When I arrived with Richard, who insisted on wearing a top hat he'd found on the train, all of the other players had already settled themselves in. Iain was making his first Wycombe appearance since winning the Ham Lottery**; Ray had photocopied himself; Blaine had walked there straight from school and intended to hop back later to save on taxi fares and Carl, our venerable host, was stuck under a collapsed shelving unit of WoW promo cards and big-box boardgames - hoping that someone would notice and help him out.

It was Blaine's turn to choose the agenda for the evening, so we kicked off with a couple of games of 7 Wonders avec a few rules tweaks: we reversed the order of the Ages (III, II and then I) and didn't change the direction of drafting at all. Surprisingly, the game played quite differently, but Carl still won in a convincing manner despite being unable to reach his pile of money...or his cards...or his Wonder board.

Next up was The Really Nasty Horse Racing Game which ended up in utter chaos because the chinese take-out arrived at the same time as everyone was rounding the final bend: suffice it to say that we all ate the horses and the box now contains a soggy portion of Kung Po Chicken with mushroom fried rice. Ray's monochrome facsimile took the victory, though we suspect the REAL Ray 'king-maked' him to the honours.

To mix things up a bit, Richard removed his top hat (!) and Blaine let us pile a few of the boxes, currently pinning Carl to his chair, on him; Carl was able to go to the loo, though still fixed in position (unpleasant for us but a blessed release for the big man).

King of Tokyo was the pre-pubescents next choice, but he'd brought along a doctored roll of lining wall paper upon which he had drawn the 'map' of Tokyo / Tokyo harbour. We moved all the furniture to the edges of the dining room (some of it had to be thrown through the French windows on to the bonfire, unfortunately) and had to stand around in person as the monsters instead of using the cut-outs in the box. Damage rolls were inflicted as real punches (camel bites, dead arms etc) and 'energy' was represented by used car batteries. To be honest, the whole thing seemed a little cumbersome. Richard won both games even though he refused to play and had spent the 30 minutes washing up in the kitchen. Go figure.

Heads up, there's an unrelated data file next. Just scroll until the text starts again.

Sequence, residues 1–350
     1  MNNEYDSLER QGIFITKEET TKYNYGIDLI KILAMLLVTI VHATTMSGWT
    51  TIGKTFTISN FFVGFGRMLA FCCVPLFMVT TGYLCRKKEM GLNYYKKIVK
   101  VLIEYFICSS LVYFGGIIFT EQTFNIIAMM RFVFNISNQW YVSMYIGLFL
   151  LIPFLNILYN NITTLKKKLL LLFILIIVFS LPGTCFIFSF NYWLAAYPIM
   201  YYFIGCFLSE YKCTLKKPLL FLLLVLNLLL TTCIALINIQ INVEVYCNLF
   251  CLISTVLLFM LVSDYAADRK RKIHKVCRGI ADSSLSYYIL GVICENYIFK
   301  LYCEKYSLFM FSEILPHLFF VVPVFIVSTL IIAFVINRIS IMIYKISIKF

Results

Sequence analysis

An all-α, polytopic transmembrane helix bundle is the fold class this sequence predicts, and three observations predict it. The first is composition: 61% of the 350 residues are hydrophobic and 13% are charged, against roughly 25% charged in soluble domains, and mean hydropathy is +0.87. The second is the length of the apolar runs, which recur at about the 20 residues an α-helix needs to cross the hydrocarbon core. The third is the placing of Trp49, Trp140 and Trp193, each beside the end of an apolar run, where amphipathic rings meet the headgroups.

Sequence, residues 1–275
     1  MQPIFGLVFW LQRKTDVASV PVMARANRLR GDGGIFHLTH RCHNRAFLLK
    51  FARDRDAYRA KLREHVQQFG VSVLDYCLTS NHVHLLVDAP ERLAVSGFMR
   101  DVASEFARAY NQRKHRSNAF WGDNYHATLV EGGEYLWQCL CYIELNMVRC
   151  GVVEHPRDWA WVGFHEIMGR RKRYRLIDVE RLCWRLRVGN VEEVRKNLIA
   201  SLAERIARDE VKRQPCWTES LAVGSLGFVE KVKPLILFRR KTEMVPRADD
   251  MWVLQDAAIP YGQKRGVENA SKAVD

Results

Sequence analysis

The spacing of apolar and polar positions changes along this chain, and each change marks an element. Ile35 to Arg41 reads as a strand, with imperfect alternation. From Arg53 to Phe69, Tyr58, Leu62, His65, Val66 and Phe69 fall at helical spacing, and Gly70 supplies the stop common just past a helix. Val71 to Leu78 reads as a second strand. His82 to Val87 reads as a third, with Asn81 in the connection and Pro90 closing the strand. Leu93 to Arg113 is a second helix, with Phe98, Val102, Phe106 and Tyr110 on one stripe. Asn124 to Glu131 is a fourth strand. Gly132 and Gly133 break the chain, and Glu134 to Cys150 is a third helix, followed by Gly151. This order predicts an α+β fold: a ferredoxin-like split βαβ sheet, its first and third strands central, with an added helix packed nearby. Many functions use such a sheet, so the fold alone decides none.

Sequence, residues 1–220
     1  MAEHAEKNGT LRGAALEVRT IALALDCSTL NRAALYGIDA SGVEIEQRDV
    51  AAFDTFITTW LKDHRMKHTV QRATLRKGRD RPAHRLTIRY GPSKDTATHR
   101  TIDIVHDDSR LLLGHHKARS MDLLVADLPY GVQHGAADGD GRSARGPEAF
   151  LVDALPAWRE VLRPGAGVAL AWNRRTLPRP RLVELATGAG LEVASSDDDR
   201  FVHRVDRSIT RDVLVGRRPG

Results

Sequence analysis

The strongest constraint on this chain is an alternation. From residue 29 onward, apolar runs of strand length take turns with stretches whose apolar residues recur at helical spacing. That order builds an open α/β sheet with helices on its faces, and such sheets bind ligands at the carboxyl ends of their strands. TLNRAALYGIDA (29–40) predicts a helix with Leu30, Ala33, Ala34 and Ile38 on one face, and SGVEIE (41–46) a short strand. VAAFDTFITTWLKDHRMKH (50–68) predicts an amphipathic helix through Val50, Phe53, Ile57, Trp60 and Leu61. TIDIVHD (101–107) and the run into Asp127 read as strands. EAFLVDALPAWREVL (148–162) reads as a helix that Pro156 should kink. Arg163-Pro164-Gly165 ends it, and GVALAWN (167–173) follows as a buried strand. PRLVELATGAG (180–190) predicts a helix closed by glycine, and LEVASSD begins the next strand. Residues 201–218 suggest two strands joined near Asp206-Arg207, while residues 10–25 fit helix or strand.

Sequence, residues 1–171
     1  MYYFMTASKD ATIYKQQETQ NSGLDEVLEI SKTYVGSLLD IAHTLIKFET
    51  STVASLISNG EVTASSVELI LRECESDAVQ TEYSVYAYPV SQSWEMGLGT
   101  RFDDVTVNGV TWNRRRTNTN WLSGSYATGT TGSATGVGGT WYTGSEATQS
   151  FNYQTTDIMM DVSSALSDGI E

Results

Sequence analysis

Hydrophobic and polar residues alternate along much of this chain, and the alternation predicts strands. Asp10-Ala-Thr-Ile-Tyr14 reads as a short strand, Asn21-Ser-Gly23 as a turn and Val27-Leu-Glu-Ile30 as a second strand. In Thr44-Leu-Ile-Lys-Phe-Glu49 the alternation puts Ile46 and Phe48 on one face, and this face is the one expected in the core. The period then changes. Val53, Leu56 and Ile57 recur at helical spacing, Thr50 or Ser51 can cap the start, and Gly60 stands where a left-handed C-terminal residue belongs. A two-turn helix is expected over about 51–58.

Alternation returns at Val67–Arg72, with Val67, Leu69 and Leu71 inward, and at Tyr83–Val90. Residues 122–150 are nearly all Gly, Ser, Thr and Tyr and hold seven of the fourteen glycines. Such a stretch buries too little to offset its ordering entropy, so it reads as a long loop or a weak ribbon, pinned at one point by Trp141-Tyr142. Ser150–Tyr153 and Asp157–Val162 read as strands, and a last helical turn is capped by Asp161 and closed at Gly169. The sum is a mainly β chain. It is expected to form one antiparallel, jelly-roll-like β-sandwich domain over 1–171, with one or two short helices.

7 Wonders made a final, traditionally-ruled appearance to close; it ended in a 6-way tie, which was broken by who had the most ham (how fortuitous for Iain!)

Upon returning to my car, Richard and I noticed it had been stolen and replaced by an exact copy, contents and all! The next 3 hours were spent with the local Constabulary (sad face).

Carl is, as far as I know, still pinned to the carpet by Axis & Allies.

END;

*this is, of course, basic Quantum probability
**£1 per ticket; twice a week a televised National draw reveals who has won some Ham
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Thu May 26, 2011 11:09 am
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Sorry seems to be the hardest word

Anthony Boydell
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Boydell: (knocks on door) Knocketty-knock knock

Headmaster: En...tah!

(Boydell shuffles nervously into the Study; he is staring intently at his shoes. He approaches the large, leather-surfaced desk)

Headmaster: (looking up from a sheaf of documents, sternly) Ah, Boydell?

Boydell: (meekly) Yes, Sir

Headmaster: (removes glasses in sweeping gesture) Speak up, lad!

Boydell: (slightly louder) Yes, Sir - Boydell, Sir

Headmaster: (returns glasses to position) Why are you HERE, Boydell?

Boydell: (very quietly) Yesterday I was being excessively sweary on my BGG blog*, Sir and nobody gave me any thumbs for it, Sir.

Headmaster: (face assumes slightly taken aback demeanor) Sweary on your blog, Boydell?

Boydell: Yes, Sir - quite unacceptably sweary, crude and base, Sir.

Headmaster: I see...and WHY were you being so foul-mouthed? (looks down at the top piece of paper)

Boydell: Don't know, Sir

Headmaster: (looks up instantly) You don't KNOW, Boydell?

Boydell: No, Sir

Headmaster: Could it be you were trying a little too hard to impress your peers, Boydell? Hmmmmm?